Clinton is, without a doubt, a woman with a global footprint. On the presidential campaign trail with her mother and in her role at her family’s foundation, she works to achieve international health reform, increase opportunities for women, reduce childhood obesity, and help communities affected by climate change—all while raising, with husband Marc Mezvinsky, her own brood: 2-year-old daughter Charlotte and 3-month-old son Aidan. (She planned this interview around her breast-feeding schedule.) Take Clinton’s tips for getting it all done without compromising family time—or promptly written thank-you notes.

Set To-Do Lists for the Month, Not the Day “Right now, I think about what I have to get done over the course of a month, and I generally think about my life in terms of weeks within each

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At the 2016 Democratic National Convention skills, which made me more effective later.” KNOW THAT SUCCESS CREATES CHALLENGES “My dad believes that just because we reached our impact horizon in one place does not mean the work is done. If anything, it proves you should be doing more.”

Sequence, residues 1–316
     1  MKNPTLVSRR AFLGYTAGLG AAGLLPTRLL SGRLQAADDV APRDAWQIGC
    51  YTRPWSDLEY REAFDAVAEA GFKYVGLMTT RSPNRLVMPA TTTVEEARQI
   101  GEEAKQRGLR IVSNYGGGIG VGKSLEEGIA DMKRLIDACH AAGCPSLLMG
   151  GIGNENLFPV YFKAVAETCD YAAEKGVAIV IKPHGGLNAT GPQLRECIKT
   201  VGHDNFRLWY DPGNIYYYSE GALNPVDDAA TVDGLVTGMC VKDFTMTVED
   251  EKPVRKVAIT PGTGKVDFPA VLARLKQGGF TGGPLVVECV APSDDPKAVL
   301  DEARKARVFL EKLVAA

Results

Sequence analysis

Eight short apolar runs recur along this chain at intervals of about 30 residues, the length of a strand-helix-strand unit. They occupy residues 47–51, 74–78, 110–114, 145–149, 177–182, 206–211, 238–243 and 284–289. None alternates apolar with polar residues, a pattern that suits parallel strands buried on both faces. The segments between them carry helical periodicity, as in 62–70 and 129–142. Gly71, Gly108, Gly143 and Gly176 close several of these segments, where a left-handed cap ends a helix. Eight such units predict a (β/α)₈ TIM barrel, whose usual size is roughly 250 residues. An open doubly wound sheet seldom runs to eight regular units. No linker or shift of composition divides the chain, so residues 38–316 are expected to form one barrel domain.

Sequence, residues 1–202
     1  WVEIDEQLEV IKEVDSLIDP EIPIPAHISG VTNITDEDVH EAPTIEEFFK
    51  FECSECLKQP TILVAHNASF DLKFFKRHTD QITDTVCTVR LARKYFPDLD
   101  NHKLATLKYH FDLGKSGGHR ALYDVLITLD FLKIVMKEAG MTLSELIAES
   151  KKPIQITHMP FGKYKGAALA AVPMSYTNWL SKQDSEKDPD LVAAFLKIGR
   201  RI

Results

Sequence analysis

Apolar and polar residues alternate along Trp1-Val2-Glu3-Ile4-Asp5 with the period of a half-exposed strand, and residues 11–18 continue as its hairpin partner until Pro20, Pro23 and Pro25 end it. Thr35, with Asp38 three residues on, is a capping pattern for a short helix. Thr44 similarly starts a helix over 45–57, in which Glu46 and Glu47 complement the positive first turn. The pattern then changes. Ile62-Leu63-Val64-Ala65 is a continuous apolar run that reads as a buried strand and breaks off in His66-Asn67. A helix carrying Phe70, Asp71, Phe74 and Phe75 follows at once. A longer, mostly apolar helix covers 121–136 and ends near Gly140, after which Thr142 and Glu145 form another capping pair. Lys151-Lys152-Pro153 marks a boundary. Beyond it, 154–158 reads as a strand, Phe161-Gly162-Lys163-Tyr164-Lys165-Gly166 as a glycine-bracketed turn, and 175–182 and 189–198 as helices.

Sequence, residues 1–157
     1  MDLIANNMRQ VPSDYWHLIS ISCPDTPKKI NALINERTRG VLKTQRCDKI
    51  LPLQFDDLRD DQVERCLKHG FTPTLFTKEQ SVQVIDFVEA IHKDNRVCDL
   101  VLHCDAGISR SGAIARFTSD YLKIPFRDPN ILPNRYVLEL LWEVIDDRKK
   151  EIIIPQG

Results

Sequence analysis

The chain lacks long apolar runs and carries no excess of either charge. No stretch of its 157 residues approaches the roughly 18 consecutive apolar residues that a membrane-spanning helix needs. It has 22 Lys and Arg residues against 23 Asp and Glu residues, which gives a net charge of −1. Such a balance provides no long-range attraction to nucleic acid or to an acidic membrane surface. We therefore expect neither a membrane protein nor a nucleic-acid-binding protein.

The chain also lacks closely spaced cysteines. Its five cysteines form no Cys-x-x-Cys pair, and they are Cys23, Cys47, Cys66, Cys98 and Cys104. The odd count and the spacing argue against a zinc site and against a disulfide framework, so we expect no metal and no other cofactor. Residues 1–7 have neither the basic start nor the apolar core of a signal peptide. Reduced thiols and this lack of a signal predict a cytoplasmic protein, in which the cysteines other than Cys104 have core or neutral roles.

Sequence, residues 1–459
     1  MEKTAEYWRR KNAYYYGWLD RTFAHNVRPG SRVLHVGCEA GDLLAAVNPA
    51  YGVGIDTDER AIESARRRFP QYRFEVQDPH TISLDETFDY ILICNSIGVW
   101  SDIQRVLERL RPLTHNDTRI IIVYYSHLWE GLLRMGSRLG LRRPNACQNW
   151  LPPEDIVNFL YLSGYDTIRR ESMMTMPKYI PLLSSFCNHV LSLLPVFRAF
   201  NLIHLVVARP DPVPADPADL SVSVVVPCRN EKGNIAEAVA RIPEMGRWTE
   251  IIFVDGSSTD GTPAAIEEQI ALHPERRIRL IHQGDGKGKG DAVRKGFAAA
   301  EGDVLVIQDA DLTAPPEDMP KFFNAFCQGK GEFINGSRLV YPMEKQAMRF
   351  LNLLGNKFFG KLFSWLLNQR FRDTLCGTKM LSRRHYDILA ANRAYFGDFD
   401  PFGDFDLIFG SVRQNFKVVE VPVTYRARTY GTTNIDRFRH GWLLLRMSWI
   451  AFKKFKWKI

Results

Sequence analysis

month, setting goals for everything I hope to get done for work, friends, and most importantly, family. My husband recently told me to own up to my type A–ness in the need for a schedule, even if the schedule has shifted since we’ve had kids. I now try to clean out my in-box and write thank-you notes every 48 hours instead of each day. I try to talk to my closest friends at least once a month and more often if we all have the time; it’s harder now that most of us have little kids.” Indulge in Family Time “Even though I plan my days as best I can to maximize time with my kids, I try not to think of them as something to be managed. I am fortunate to have some control over my schedule, so I organize my day so that I can soak up my time with Charlotte and Aidan in the morning or at night if both morning and night aren’t an option that day. We have endless research about how important it is that children are connected to their parents–it’s why it’s so important we work toward paid family leave, predictable scheduling, a living wage, and child-care support.” Emphasize the Little Details “Ever since I was a child, my mom has instilled in me that details really matter. No matter how busy you are, you have to understand as much as possible about whatever challenge you’re confronting and what you’re going to try to do to overcome it. If you don’t get the details, you’ll miss something.” Stay Motivated After Meeting Your Goals “One of the hardest things is maintaining focus after you’ve already accomplished something. View what had previously been an end goal as an interim step—I find that humbling and energizing.”